2/ Rethink what kind of people and skills is needed to implement innovation. Implementation of innovation is 10X harder than is coming up with the ideas and it requires more than a product development person. They need to understand the different roles that they already have – and will need – on the team and each role’s importance in the ideation and activation stages. Idea Couture research on innovation practices shows that many business leaders still believe that innovation is a rare gift that exists mainly in creative people who are in leadership roles or gifted creatively. For example, just think of how often you hear people saying, “That’s why I get paid the big bucks because I am the big idea guy.” Such thinking is not healthy as it usually means that organizations are overlooking other, much better sources of potential innovation. An idea, even a big idea, is not the same as an innovation. Only when an idea is turned in to a product, a service or a business that creates new value can it be considered an innovation. Whether the innovative idea is radical, substitutive, incremental, or complementary, it still needs to fit into the stages of a value chain within an industry.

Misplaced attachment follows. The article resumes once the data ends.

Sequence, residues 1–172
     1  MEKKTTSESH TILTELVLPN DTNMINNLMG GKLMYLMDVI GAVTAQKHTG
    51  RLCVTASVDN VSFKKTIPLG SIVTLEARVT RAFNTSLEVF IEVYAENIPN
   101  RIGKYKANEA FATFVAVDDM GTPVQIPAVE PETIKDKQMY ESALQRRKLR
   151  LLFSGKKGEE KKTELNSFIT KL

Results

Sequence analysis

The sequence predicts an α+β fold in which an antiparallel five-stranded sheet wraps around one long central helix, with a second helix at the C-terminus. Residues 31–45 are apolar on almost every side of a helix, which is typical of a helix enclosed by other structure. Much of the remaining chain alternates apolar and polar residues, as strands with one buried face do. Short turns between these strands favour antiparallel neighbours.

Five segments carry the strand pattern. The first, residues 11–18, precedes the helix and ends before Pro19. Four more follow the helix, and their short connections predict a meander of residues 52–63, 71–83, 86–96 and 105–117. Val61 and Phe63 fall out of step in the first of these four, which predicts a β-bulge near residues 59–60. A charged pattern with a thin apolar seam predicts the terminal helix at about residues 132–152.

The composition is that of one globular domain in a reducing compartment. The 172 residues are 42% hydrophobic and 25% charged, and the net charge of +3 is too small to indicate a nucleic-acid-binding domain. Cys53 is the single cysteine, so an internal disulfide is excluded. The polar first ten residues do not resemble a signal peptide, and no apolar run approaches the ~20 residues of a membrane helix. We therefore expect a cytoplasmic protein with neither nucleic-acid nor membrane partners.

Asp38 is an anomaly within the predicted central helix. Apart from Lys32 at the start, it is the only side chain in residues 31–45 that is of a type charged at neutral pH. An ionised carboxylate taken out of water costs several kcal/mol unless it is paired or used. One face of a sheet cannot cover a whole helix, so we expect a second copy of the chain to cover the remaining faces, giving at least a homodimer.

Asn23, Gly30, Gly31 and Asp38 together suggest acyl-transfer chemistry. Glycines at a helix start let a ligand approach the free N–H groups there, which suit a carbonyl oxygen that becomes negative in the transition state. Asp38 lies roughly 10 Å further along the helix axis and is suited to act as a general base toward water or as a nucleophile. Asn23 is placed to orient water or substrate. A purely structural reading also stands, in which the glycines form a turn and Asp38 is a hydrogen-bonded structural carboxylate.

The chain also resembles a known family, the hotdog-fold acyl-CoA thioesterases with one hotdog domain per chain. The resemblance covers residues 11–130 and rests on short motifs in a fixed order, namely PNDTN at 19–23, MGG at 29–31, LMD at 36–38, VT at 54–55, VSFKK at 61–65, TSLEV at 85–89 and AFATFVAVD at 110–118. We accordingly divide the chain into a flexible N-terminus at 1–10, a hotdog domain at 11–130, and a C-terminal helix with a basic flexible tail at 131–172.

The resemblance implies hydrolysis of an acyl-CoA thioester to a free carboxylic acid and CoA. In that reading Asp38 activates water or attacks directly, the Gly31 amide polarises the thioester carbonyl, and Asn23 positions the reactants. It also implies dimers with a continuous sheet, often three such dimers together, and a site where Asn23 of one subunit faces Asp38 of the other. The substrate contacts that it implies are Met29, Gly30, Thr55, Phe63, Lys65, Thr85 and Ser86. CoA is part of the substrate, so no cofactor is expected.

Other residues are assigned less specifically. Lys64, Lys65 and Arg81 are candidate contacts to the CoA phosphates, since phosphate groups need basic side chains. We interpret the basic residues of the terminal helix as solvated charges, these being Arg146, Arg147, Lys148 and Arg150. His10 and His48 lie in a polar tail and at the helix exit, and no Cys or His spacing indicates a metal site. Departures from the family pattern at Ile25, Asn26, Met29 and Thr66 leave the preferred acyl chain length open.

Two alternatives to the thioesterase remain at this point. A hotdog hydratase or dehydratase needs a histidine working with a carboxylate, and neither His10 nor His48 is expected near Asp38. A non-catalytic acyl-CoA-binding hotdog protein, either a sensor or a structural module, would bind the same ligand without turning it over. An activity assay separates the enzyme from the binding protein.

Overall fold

On another note, my book 60-min Brand Strategist is officially launched this month. It is available in Amazon, Barnes and Noble and other book stores. These are some pages taken from the book. It only takes you 60 minutes to read through it. I know you’re busy. Share with me your thoughts.